“Giving Up” Isn’t Always A Negative Thing

A couple of days ago I shared a blog post from the consultant’s group I’m a part of, as I’m the main writer there. It’s titled Are You Doing What You Want To Be Doing?, and it asks an important business question; are you doing what you want to be doing, which I guess makes sense.


Malcolm Slaney via Compfight

I posted it on Twitter and got a response back from someone I know saying “not even close”, or something to that effect. Since it came back pretty quickly, I had a feeling he hadn’t actually read the article, so I asked if he was commenting on the title or the article, and he admitted it was just the title, and that he’d read the article when he had some free time. I said he should because there was a question at the end of the article that possibly needs to be addressed: What is it you want to do?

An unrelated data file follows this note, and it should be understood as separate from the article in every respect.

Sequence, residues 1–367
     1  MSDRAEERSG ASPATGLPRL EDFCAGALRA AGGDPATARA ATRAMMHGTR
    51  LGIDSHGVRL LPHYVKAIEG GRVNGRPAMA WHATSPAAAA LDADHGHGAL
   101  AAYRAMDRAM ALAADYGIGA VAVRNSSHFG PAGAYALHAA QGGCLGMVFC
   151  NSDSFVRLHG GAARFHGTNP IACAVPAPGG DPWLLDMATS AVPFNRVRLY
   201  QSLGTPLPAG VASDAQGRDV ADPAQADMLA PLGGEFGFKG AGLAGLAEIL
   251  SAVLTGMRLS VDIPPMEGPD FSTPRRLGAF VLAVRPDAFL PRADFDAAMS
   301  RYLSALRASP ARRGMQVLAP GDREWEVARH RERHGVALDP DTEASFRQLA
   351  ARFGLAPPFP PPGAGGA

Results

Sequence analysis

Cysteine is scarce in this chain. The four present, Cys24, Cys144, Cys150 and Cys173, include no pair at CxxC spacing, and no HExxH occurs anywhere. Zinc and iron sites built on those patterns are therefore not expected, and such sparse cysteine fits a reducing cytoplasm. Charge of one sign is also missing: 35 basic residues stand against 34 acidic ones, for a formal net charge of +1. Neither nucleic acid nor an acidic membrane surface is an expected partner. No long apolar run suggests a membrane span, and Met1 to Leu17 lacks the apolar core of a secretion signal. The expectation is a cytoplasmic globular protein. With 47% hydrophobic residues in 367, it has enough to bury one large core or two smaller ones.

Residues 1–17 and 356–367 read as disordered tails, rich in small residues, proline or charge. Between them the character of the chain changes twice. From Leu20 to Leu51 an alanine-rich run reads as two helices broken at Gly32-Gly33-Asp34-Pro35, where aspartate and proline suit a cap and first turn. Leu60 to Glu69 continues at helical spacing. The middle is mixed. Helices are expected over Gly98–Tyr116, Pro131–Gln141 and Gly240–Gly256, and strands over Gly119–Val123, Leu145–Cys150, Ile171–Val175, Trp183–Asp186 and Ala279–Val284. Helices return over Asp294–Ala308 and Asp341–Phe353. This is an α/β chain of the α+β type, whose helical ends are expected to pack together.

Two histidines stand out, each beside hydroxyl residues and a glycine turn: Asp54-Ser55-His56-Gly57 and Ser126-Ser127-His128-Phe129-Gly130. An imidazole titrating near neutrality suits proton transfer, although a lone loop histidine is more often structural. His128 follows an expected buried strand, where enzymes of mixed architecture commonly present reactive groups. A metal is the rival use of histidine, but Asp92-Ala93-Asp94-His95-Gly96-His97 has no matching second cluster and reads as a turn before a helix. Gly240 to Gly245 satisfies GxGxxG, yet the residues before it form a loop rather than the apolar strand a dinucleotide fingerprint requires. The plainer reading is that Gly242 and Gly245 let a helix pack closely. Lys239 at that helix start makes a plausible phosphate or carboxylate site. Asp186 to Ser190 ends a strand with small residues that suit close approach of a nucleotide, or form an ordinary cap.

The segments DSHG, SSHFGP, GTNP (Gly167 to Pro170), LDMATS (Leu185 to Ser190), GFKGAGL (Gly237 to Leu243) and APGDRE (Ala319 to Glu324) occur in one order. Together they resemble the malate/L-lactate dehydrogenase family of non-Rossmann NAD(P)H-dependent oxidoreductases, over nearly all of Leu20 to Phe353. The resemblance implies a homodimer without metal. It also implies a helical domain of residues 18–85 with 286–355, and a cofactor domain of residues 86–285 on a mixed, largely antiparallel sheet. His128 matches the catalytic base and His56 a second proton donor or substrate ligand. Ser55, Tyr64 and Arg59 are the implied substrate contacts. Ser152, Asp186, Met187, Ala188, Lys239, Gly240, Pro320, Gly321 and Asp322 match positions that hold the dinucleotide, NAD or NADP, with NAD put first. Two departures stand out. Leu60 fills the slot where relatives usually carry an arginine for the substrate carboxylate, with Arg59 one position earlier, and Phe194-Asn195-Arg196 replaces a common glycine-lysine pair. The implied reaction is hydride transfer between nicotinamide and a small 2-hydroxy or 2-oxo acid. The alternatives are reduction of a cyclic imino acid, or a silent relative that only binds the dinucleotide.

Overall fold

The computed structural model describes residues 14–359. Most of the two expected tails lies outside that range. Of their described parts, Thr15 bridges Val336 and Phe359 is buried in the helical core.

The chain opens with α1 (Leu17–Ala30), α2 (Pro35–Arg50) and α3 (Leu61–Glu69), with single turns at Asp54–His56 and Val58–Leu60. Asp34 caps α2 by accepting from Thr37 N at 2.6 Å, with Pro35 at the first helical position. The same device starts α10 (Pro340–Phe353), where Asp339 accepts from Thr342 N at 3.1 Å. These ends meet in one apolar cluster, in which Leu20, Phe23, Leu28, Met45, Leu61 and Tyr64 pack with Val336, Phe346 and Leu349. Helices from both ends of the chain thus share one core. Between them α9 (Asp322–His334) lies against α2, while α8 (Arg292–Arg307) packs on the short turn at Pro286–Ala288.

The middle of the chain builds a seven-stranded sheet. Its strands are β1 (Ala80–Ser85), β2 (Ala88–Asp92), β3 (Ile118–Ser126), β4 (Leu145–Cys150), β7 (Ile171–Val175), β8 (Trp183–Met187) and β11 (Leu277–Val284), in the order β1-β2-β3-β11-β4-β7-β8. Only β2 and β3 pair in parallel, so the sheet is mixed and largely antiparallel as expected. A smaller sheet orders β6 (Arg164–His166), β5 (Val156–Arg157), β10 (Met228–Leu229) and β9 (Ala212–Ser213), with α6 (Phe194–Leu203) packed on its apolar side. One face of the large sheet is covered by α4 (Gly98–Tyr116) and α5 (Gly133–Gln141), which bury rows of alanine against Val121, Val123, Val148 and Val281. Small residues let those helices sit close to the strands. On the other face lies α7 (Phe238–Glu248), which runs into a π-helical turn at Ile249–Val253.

He came back with a response that what he wanted to do wasn’t possible at this moment because of a physical issue. I asked him a question that I see on Twitter on a regular basis: “what are you willing to give up.” He said he didn’t have anything he could give up; I challenged that based on what he’d originally said.

At that point I used my own tale, a very shortened version of it. One of these days I’m going to tell that long tale… somewhere. Anyway, I said I had to come to an epiphany 19 months ago about my health & what I was willing to give up. That was after I’d had a very bad and serious thing happen to me while I was out of town, by myself, that could have been way worse than it already was… that’s all I’m going to say for now.

Anyway, at that point he said he understood, and he had made an appointment to meet with a fitness consultant. I applauded him for taking that first step, and trust me that’s a major step for anyone to do.